not want to hire black people (or white people), that should be my right.
If I do not want to let a room in my house to a homosexual (or a
heterosexual, or a Muslim, or a Christian), that should also be my right.
These things are no proper business of the public authorities.

Homophobia: I described myself as “a mild, tolerant homophobe.” This means that I do not like homosexuality, and I think it is a net negative for
society. As a conservative, inclined to give the benefit of the doubt (when
there is doubt) to long-established practices, I cannot help note that there
has never been a human society, at any level of civilization, that has
approved egalitarian (that is, adult-adult) homosexuality. Male-male
buggery has been proscribed in every society that ever existed. I am
inclined to think that there are good reasons for these universal
prohibitions. To say the least of it, male homosexuality is very
unhealthy–much more so than, for example, cigarette smoking.A lot of the
people who howl “Homophobe!” at me whenever I write anything about this
topic are people who have to swallow a bucket of pills eight times a day
just to stay alive. Is it any wonder I have trouble taking them seriously?
Homosexuality both male and female is also antisocial, in a profound sense.
I do not believe that any stable society can be founded on any basis other
than heterosexual marriage. Under modern conditions, I think you would have
to add “monogamous,” too.

That’s the “homophobe” part. Now here’s the “mild, tolerant” part. I think
homosexuals should be left alone by the state. While I do not think, as I
have said above, that private discrimination against them (or any other
group) should be outlawed, I do not believe that homosexuality should be
criminalized. Where it currently is criminalized, I should like to see it
de-criminalized. I think homosexuals who are willing to give normal life a
try should be offered all possible encouragement and support, public and
private. Those who are determined to live as homosexuals, or who feel they
have no choice in the matter, should just be left alone. It goes without
saying–I hope–that I would like to see anyone found to have beaten up a
homosexual to be charged with assault and battery, and dealt with

Racism: All I mean there is that I believe that race is real, and
important. Nowadays, that makes you a “racist.” Again, I consider myself
mild and tolerant here–I don’t believe in any discrimination by public
authorities, and of course I am familiar with the awful historical record of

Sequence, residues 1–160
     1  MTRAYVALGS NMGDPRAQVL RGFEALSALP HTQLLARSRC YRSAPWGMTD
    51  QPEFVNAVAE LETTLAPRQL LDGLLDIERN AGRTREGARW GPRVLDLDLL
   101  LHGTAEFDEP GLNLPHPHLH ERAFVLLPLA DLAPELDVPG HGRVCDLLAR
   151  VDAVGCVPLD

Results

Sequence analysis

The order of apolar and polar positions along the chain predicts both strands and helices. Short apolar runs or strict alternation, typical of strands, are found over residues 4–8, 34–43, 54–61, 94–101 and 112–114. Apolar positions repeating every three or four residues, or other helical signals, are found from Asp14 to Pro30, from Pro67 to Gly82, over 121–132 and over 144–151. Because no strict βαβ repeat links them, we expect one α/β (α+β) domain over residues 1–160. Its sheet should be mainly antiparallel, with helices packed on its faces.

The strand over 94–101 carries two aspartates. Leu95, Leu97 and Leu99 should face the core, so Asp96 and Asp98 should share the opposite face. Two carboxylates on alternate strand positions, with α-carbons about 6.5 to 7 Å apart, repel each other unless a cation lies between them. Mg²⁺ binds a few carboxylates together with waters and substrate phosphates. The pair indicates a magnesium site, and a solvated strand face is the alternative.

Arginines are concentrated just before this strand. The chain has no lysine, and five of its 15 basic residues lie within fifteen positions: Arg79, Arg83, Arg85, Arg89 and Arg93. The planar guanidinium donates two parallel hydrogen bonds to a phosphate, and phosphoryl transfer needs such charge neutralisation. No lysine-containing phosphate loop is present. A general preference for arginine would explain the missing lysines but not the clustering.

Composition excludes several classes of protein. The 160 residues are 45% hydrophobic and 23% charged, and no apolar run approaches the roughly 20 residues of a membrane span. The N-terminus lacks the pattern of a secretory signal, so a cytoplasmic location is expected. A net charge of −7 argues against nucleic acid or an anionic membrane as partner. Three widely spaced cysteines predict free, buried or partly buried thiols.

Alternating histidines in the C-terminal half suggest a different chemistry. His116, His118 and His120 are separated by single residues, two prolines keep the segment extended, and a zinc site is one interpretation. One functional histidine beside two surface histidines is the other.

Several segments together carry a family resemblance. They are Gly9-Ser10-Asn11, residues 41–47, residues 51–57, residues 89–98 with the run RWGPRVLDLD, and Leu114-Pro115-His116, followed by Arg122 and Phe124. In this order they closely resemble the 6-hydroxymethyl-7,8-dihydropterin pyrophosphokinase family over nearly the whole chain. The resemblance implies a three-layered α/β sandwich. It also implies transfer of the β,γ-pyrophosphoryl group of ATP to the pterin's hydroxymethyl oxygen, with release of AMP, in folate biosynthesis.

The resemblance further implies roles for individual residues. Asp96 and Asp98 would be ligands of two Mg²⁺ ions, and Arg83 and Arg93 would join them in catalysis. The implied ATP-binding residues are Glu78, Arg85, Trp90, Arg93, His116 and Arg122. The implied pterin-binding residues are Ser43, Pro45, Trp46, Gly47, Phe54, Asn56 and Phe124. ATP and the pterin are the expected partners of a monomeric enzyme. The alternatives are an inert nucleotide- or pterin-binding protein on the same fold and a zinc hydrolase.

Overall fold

the United States in the matter of race slavery. I take individual people
as they come, as I believe every sane person does. I can imagine
circumstances where I would certainly practice private discrimination; but,
as I have said, I don’t see anything wrong with that.

It seems obvious to me that race is a fact of human life, and that in
certain situations it needs to be taken into account. Races are just
common-ancestry groups. In the words of that Belgian author whose name
escapes me, they are “extremely large extended families that interbreed to
some extent.” They are, of course, very fuzzy around the edges–I see that
across the breakfast table every morning. (My children are, as they are
sick of hearing: “Half English coal-miner, half Chinese peasant, one hundred
percent American.) But that is true of all sorts of common categories:
“age,” for example, or “height.” It doesn’t stop those categories being
real, and even occasionally useful. (There is a good article in the current
Scientific American about how racial classification is useful in guiding
doctors towards proper drug treatments.)

Unfortunately, most of the truths about race are statistical truths. This
makes them hard for ordinary people to grasp, as most people can’t
understand statistics, even at the most elementary level. If you stand up
in a room full of people and say: “On average, men are taller than women,” I
guarantee–I GUARANTEE!–that some person will stand up and say, in great
indignation: “What about Jenny? She’s taller than you, she’s taller than
most men.” People just don’t GET statistical truths. Statistics makes them
angry. (Let me tell you, as the author of a pop-math book, there are people
made angry by just ordinary math!) You see this in the obloquy that now
attaches to the word “stereotype.” In fact, stereotypes are very useful as
a way of organizing the world. Human life would not be possible without
them! I wrote an article about this.

To take an actual example from the world of race: I have spent most of my
life mixing with Chinese people. It seems obvious to me that Chinese people
are, on average, a bit smarter than white Europeans. A great deal of work
by professional psychologists seems to confirm this impression; I don’t know
of any that contradicts it.

What are the consequences of a truth like that? (Supposing it IS a truth.)
Well, if East Asians are indeed smarter, on average, than the rest of us,
they will be disproportionately represented in our best colleges and